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No response to slow CW CQ

Discussion in 'Becoming an Amateur Radio Operator/Upgrading Privi' started by KD0HFZ, Aug 13, 2009.

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  1. K3STX

    K3STX Ham Member QRZ Page

    If that 20 meter dipole uses coax as a feedline you really can not use it on 40 meters, it is a 20 meter antenna. Let me guess, the Russian guy was on 20 meters and most of your slow-speed QSO attempts have been on 40 meters?

    If you can send 10-13 wpm there is NO REASON people would not answer you on 40 meters if they can hear you. You are a General, I assume you make SSB contacts easily with these same antennas? I don't think your speed is the problem, I suspect your signal on 40 meters is weaker than you think and there are not many ops looking for slow-speed QSOs on 20 meters. I have NEVER heard a 5 wpm QSO on 20 meters. Hope this helps.

    Once again, how slow is "slow"?

    paul
     
  2. KD0HFZ

    KD0HFZ Ham Member QRZ Page

    My speed is about 5-7 WPM, and for 40 and the lower freq's I have a 160m inverted V.
     
  3. K3STX

    K3STX Ham Member QRZ Page

    That's pretty slow. I think this speed CW is up between 7100 and 7150 kc, in the old "novice" band. Nothing like that on 20, and I don't think on 80 either. 40 is certainly the band. In your evenings it should be do-able. I suggest you keep practicing by LISTENING to QSOs, build up your speed, and keep at it. To be perfectly honest, for people who are used to communicating at 25 wpm the jump down to 5 wpm is pretty difficult. But you are young, you will get fast quickly. When I was 16 I went from zero to 50+ wpm in about 6 months.

    You can also send your CQ at 10 wpm but tell the other guy to QRS his SENDING to about 5-7 wpm. This will at least increase your chance someone will ANSWER you.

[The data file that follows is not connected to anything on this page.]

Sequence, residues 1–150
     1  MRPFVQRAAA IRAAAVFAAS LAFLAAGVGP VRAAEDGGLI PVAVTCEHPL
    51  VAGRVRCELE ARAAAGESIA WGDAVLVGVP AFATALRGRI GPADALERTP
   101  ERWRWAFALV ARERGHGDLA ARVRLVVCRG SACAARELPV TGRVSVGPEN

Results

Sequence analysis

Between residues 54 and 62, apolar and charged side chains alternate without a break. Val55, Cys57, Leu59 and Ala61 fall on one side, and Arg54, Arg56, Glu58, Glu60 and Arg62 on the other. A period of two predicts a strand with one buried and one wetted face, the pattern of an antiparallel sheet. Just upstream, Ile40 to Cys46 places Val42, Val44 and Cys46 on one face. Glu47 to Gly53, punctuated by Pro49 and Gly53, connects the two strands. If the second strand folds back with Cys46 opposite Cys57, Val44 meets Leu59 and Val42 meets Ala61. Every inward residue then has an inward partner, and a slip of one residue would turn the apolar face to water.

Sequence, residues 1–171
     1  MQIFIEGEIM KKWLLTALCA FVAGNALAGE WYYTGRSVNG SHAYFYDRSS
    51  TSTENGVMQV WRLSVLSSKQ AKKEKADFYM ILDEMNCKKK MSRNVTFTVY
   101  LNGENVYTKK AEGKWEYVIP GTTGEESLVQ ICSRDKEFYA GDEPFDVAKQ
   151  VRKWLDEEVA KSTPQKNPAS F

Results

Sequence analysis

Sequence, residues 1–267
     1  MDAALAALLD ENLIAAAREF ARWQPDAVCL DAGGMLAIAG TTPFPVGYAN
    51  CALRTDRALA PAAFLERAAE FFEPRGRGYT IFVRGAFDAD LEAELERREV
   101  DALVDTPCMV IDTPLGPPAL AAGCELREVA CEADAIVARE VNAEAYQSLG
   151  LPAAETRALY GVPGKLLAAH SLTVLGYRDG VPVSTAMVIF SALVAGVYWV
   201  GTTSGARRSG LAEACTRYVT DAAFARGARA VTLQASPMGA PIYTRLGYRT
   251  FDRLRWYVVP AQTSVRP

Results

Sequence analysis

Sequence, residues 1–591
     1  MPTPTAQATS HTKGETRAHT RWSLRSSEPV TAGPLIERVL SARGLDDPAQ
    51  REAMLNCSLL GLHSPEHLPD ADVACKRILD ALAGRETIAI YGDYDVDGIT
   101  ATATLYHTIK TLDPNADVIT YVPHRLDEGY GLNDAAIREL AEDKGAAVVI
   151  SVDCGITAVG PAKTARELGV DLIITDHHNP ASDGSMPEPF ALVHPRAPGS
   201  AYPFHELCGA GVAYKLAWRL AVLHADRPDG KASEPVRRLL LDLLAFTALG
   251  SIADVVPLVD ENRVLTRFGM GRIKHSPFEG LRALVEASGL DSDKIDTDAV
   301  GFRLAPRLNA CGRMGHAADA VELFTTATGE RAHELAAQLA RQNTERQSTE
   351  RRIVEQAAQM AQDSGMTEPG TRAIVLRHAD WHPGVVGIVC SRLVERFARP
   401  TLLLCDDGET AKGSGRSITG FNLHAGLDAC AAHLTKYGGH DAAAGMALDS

If your speed is 5-7 wpm, let's just SAY it is 10 wpm, send at 10 wpm and see how much you get. If you get that the guy is located in "BILMINGSAM", you can bet its Birmingham, name of "LARLY" is Larry, etc...

    I think people ARE hesitant to answer a 5 wpm QSO. In the OLDEN days, when I was also 15, there were HUNDREDS of people (thousands) in the same boat as you, but we were all on 40 or 80 every evening sending CW at 5 wpm. It was easy to make a QSO, but with the idiotic elimination of the Morse requirement people who want to learn are basically left on their own.

    BTW, the ARRL website has W1AW "code practice" mp3 files at ALL speeds, I loaded the fast ones on my iPod. You can do the same, get more practice.

    Hope this helps. Obviously you want to join the CW club, we need all the members we can get!!

    73 OM,

    paul
     
  4. KD0HFZ

    KD0HFZ Ham Member QRZ Page

    Yes, there probably arent a lot of new hams out there eager to learn CW. I wanted to get it learned before school started so i wouldnt put it on the shelf until i had a break. I was getting tired of practicing, i was itching to get on the air! When i practice at lcwo.net, i have the character speed set at 15wpm and the effective speed set a 5wpm, so i can recognize the chracters fast but not the spacing in between them.
     
  5. WB9JTK

    WB9JTK Ham Member QRZ Page

    Using a "160 m inverted V" on 40m is probably most of your problem. I expect that the SWR is 100:1 or worse. If you are feeding it with coax it won't matter what kind of "tuner" you use, all the power will be lost in the coax. So try another antenna.

    To get answers to CQ, first "do no wrong" ( ???? ) I mean don't call CQ 100 times then send your call 14 times. As suggested earlier, CQ 3 times, callsign twice and then listen.